My book (the one I interviewed you for) is being published next month. It’s called Drömmen om Damascus (The Dream of Damascus), and it is published by SILC Förlag. As far as I can tell it’s the first book on Syrian politics in Swedish ever, so it’s about time… It’s intended to be sort of a non-specialist introduction to Syrian politics, focusing on how Hafez constructed the modern state, on Bashar’s first decade, the rise and fall of the Damascus Declaration, and on the various opposition movements. I’ve been interviewing opposition leaders in- & outside of the country for the past two years, incl. people like Khaddam, Bayanouni, Turk, Seif, Abdelazim, and many others.
Aron added in a note:
I just want to underline again that this is newspaper speculation. I’m not privy to their internal politics, and I personally don’t know which version is true. Unfortunately I think there’s good reason to suspect that el-Quds el-A has it about right, but that’s just guessing from what I’ve heard and read.
Further information on Bayanouni (by Landis)
Ali Sadreddine Bayanouni (علي صدر الدين اليانوني) was born in 1938 in Aleppo and brought up in a religious family, where his father and grandfather were both well known Muslim scholars. He joined the Muslim Brotherhood while in secondary school, in 1954, and went on to receive training as a lawyer. After spending time in prison, he emerged to become the deputy leader of the Brotherhood in 1977. He left Syria two years later and eventually settled in Jordan, where he remained for twenty years. Britain accepted him as a political refugee in 2000, after the Jordanian authorities requested he leave the country. In 2005, he joined with secular leaders of the Syrian opposition to call for elections and freedom in Syria in what was called the Damascus Declaration. In March 2006 he joined Abdel Halim Khaddam in forming the National Salvation Front in an attempt to unite with defectors of the Syrian Baath Party, as well as the secular opposition. The stated principle upon which all elements of the opposition seemed to agree was the need for elections and pluralism in Syria. This was new. Shortly after the Bush administration in the United States was replaced by President Obama’s, which did not place such heavy emphasis on the “Freedom Agenda” but instead called for engagement with Syria, Bayanouni broke with Abdel Halim Khaddam and the NSF was effectively dissolved.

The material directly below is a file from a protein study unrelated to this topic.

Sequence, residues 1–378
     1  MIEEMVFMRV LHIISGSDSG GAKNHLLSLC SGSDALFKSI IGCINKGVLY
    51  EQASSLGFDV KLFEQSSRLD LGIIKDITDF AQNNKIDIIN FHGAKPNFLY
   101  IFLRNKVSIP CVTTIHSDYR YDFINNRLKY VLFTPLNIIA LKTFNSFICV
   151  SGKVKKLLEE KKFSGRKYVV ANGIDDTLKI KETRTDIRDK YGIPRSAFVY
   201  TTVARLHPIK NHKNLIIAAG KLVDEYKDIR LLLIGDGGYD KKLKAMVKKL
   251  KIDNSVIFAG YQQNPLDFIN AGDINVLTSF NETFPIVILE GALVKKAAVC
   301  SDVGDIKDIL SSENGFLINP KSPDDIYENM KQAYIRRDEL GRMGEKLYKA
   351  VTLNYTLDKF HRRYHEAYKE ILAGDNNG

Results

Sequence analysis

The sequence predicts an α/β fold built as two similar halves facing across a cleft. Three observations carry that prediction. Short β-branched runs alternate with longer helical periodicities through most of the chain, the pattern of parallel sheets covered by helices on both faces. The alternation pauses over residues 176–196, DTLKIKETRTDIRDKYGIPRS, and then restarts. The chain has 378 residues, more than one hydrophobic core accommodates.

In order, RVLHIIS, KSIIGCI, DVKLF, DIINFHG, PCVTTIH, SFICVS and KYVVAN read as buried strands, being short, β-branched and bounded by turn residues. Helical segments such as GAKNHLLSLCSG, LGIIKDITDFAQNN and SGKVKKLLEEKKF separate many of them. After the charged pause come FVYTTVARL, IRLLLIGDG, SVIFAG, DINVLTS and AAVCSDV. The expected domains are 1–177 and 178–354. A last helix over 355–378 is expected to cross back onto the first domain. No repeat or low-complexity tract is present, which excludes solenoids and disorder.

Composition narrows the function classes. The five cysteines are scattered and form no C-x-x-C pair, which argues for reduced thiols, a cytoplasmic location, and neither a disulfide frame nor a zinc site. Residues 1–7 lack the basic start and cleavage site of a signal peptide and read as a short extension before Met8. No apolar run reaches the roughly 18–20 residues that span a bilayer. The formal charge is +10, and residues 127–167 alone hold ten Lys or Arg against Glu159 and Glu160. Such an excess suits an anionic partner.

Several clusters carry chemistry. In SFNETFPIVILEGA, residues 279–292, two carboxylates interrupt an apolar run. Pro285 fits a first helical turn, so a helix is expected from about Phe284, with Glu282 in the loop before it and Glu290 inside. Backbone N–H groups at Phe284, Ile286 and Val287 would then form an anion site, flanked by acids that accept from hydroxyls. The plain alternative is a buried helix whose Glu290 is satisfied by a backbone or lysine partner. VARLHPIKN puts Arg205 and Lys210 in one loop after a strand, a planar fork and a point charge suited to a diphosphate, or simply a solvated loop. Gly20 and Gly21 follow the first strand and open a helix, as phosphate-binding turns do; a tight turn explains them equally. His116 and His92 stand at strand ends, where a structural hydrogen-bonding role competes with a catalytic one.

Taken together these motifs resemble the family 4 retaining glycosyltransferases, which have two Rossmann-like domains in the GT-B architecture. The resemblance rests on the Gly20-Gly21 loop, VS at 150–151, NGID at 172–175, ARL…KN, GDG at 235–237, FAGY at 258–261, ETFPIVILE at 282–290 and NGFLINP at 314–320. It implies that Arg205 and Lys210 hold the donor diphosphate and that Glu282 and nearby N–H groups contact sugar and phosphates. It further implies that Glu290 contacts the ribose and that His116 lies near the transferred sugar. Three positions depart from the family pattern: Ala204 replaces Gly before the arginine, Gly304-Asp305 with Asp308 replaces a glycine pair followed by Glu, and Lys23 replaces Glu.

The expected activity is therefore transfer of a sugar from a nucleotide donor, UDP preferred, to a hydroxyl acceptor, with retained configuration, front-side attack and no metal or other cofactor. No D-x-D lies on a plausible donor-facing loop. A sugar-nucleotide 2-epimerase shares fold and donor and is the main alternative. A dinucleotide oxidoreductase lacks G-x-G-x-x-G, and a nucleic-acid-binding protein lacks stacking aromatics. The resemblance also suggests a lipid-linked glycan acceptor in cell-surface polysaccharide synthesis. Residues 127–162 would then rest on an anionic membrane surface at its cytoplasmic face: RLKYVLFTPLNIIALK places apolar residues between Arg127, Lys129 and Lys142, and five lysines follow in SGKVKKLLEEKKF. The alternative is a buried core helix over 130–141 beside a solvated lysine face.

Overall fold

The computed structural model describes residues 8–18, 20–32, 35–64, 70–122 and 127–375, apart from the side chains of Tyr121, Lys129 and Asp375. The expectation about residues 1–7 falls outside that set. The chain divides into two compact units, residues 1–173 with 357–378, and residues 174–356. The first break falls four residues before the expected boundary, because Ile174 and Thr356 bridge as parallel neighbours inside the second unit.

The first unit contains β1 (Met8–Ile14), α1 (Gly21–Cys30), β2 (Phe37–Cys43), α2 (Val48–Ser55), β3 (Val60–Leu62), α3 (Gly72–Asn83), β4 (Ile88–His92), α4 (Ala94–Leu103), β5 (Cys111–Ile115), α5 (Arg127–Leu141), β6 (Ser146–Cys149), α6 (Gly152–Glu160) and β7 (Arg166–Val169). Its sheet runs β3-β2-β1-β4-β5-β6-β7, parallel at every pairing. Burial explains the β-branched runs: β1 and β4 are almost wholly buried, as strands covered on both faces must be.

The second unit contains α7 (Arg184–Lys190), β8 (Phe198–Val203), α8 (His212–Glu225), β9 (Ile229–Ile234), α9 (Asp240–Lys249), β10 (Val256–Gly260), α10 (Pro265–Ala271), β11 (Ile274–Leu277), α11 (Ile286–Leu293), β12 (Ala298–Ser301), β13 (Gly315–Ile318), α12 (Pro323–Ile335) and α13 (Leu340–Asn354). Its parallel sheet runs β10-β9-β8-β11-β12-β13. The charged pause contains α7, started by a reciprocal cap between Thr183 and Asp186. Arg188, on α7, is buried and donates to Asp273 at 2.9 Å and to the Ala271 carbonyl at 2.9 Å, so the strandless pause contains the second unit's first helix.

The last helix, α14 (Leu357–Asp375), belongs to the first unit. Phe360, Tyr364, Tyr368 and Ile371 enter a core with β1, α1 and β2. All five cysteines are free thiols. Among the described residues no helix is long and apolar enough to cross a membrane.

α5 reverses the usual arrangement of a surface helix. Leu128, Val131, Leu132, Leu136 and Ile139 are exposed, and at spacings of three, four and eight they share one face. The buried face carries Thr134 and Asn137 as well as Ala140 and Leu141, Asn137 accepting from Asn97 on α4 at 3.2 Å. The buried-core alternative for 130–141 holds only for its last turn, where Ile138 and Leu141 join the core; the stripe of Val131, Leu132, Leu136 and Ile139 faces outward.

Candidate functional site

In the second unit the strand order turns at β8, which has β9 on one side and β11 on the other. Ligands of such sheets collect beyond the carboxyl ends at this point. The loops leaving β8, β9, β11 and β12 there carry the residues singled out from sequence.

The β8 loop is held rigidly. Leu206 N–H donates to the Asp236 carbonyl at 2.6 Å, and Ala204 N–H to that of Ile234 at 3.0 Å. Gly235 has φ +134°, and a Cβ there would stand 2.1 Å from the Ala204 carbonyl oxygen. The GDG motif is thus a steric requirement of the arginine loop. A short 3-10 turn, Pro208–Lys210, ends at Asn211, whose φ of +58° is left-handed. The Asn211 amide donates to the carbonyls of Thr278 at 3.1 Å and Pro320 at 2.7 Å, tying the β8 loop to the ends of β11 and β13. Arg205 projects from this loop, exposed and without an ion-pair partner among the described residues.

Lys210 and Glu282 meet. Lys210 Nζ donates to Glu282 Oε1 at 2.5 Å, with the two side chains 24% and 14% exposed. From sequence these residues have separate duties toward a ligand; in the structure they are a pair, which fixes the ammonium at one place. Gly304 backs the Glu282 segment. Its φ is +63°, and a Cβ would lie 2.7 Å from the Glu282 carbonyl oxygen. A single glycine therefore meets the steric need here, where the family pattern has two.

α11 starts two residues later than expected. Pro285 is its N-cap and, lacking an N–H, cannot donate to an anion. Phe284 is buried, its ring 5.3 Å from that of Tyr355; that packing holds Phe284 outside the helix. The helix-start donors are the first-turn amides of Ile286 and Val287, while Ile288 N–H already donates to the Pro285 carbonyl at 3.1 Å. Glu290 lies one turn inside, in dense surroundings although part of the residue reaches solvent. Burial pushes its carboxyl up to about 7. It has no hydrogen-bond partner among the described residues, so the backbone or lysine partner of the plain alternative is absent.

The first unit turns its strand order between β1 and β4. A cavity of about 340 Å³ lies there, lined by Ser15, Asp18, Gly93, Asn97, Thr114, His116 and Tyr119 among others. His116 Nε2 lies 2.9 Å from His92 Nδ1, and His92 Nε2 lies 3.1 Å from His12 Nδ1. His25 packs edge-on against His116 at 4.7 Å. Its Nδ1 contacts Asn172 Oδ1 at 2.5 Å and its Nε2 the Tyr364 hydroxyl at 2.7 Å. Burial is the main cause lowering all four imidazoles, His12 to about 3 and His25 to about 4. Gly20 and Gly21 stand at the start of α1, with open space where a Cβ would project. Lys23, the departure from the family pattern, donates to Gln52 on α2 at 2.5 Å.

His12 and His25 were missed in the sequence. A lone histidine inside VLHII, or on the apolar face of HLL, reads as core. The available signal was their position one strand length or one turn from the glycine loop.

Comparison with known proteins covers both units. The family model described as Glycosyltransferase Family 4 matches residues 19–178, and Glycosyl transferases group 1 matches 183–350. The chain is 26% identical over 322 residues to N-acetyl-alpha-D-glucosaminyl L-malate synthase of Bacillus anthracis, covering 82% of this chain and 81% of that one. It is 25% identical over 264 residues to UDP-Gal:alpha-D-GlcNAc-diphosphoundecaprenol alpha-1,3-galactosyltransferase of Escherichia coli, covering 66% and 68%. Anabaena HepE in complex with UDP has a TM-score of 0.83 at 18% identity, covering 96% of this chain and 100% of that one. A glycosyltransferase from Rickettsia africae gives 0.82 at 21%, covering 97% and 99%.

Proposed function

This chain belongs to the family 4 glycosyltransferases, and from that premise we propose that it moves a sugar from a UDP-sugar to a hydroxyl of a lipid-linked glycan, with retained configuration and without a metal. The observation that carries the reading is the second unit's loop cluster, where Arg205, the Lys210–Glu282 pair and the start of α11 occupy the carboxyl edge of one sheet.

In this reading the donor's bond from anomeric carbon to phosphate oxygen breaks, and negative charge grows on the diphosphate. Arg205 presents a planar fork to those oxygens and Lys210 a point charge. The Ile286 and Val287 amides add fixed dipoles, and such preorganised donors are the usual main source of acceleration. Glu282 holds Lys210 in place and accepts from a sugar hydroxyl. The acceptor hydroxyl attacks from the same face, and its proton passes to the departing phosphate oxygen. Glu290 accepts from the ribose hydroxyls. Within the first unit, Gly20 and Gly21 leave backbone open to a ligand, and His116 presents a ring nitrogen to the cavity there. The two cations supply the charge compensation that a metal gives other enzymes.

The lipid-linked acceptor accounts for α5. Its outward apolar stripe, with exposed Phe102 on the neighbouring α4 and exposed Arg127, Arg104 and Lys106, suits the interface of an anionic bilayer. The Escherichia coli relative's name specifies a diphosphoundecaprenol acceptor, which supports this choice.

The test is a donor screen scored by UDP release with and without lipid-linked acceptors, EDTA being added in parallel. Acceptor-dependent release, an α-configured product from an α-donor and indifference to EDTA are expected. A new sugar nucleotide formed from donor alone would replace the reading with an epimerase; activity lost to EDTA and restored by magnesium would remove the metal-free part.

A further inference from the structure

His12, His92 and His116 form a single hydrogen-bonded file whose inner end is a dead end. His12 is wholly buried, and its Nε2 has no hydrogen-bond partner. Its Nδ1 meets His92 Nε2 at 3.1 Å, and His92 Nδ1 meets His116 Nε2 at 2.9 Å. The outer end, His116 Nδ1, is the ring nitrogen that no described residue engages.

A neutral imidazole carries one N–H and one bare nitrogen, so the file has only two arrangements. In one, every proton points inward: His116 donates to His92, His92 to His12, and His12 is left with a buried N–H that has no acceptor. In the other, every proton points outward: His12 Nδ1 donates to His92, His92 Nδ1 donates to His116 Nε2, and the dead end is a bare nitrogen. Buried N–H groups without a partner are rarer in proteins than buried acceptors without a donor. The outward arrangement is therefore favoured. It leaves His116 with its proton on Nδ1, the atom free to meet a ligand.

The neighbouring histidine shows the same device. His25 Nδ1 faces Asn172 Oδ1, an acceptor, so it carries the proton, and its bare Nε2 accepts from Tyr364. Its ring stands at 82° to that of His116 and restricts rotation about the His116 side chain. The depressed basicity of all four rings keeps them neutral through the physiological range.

I have been told by reliable sources that Khaddam’s daughter-in-law traveled to Syria this spring to see if a possible pardon could be arranged for her father-in-law and extended family. Her efforts were in vain. Some 22 members of the Khaddam extended family were required to leave Syria and lost their property following Abdel Halim’s Khaddam’s announcement in 2005 that he expected the downfall of the Syrian regime in six months and would work to promote that end by leading Syria’s opposition from France.
For further reading on Bayanouni read this 2006 article by Gary C. Gambill and this interview by Mahan Abedin in 2005. Also see my post about the Khaddam – Bayanouni link up here and about Bayanouni’s changing language on the Alawites, here. Also see Anthony Shadid’s 2005 Washington Post article here.